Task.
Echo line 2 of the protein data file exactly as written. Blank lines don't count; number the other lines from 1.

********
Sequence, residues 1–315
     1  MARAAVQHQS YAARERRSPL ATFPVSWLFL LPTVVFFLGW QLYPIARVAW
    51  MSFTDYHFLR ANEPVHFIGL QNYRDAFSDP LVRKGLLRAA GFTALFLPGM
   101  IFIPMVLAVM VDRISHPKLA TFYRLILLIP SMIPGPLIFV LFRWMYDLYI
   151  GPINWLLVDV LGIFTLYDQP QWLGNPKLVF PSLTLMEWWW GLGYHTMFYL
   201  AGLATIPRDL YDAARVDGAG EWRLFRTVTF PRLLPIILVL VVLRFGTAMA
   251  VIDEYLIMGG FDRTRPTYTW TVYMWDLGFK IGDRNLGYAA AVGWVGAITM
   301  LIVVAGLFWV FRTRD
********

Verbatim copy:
     1  MARAAVQHQS YAARERRSPL ATFPVSWLFL LPTVVFFLGW QLYPIARVAW